It’s #SonoSunday! As most of you know, we have been striving to push our clinical game at RVRS, embracing the ideals of delivering high-quality medicine to the patient’s side, at the site of illness or injury. The most visible part of this, because of its relative rarity in the field, has been our prehospital ultrasound program.
The benefits of ultrasonography in critically ill patients is well-documented, and the most obvious application for EMS. There is, however, utility in performing sonographic exams in other patient populations, where it can provide useful diagnostic information that can be used by Paramedics when making treatment and transport decisions. To demonstrate, we have the following case presentation of a patient we recently cared for.
EMS was called for an elderly male complaining of abdominal pain. Upon arrival, the patient was awake, alert, ambulatory, and in no obvious distress. The patient reported that he had been unable to urinate in any reasonable amount for 2-3 days, and this evening passed a small amount of frank blood when attempting to urinate prior to calling EMS.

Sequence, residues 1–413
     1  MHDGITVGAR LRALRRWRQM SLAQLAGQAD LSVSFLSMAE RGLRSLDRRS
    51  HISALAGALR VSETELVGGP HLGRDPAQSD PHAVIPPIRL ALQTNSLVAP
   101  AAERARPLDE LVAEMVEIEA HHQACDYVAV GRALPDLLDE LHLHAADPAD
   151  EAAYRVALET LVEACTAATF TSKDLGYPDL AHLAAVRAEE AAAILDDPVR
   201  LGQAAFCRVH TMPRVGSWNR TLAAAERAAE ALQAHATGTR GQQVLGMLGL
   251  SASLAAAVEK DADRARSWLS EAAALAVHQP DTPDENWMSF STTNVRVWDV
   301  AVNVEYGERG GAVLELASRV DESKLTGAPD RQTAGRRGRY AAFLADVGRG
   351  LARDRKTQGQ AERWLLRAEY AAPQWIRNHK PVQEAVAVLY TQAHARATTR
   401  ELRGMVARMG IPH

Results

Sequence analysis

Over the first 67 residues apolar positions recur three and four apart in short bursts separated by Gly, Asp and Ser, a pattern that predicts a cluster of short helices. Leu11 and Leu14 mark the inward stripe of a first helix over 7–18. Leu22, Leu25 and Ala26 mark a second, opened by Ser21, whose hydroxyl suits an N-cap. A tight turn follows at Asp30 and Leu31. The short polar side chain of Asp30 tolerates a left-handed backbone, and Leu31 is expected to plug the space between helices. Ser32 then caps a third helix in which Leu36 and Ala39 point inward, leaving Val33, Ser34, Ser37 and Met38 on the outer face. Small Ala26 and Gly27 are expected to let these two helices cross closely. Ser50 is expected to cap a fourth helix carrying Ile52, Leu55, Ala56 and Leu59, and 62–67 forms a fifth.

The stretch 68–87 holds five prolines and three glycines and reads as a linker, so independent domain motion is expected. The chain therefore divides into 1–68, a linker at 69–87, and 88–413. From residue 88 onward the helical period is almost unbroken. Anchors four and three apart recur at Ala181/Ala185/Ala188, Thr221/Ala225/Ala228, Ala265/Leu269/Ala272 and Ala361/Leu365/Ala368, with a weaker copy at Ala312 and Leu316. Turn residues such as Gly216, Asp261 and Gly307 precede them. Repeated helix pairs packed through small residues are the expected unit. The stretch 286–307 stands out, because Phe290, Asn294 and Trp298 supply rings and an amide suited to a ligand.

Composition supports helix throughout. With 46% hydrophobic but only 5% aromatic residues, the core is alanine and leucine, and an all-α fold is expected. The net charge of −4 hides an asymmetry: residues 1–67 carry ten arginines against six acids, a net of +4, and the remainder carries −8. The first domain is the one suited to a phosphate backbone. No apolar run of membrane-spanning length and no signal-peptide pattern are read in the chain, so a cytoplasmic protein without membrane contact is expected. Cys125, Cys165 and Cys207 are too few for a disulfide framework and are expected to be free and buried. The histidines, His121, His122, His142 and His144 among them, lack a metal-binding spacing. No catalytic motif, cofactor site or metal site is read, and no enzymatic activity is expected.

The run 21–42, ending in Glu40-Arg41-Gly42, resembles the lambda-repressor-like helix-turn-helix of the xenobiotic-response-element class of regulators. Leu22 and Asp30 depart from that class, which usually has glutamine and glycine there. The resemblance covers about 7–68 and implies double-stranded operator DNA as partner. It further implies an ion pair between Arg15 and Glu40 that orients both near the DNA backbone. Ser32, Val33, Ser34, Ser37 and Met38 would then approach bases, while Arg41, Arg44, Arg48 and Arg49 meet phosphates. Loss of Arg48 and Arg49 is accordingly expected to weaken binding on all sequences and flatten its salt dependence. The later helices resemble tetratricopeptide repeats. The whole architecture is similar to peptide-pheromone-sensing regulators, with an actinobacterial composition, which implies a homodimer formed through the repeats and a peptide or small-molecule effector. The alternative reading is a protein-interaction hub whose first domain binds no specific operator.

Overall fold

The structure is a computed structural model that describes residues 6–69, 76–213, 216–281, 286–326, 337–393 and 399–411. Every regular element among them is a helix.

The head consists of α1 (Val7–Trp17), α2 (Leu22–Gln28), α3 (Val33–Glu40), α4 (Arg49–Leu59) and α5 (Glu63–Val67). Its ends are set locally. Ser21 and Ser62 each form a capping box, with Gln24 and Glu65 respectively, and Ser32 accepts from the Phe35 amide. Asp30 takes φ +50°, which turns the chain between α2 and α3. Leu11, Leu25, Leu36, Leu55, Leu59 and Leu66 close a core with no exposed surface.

The physical exam revealed a diffusely tender abdomen, rated 10/10 by the patient with obvious guarding. The patient denied recent trauma, and the balance of the exam was unremarkable. Vital signs revealed that the patient was moderately hypertensive, but were otherwise within acceptable limits. Medical history was significant only for a recent diagnosis of prostate cancer.
This is obviously not the presentation of a critically ill patient typically encountered by EMS providers. However, treatment and transport decisions can make a great deal of difference in the outcome of a patient like this; is the abdominal pain secondary to just urinary retention, or is this a peritonitic abdomen secondary to a rupture of their bladder?
The former can be reasonably managed at the small community hospital the patient requested, while the latter is a true surgical emergency requiring transport to a tertiary care center.
An ultrasound exam of the patient’s pelvis was performed, revealing a severely distended bladder with a significant amount of debris assumed to be clotted blood, but no obvious free fluid in the pelvis; this patient could be safely transported to the facility they chose.
Had there been a rupture of the bladder, however, definitive care could be significantly delayed by transport to a facility incapable of providing the necessary surgical interventions.
The moral of the story is that we, as EMS providers, often assume that appropriate transport decisions and advanced diagnostics are only valuable to our most critically ill patients; this is not the case at all.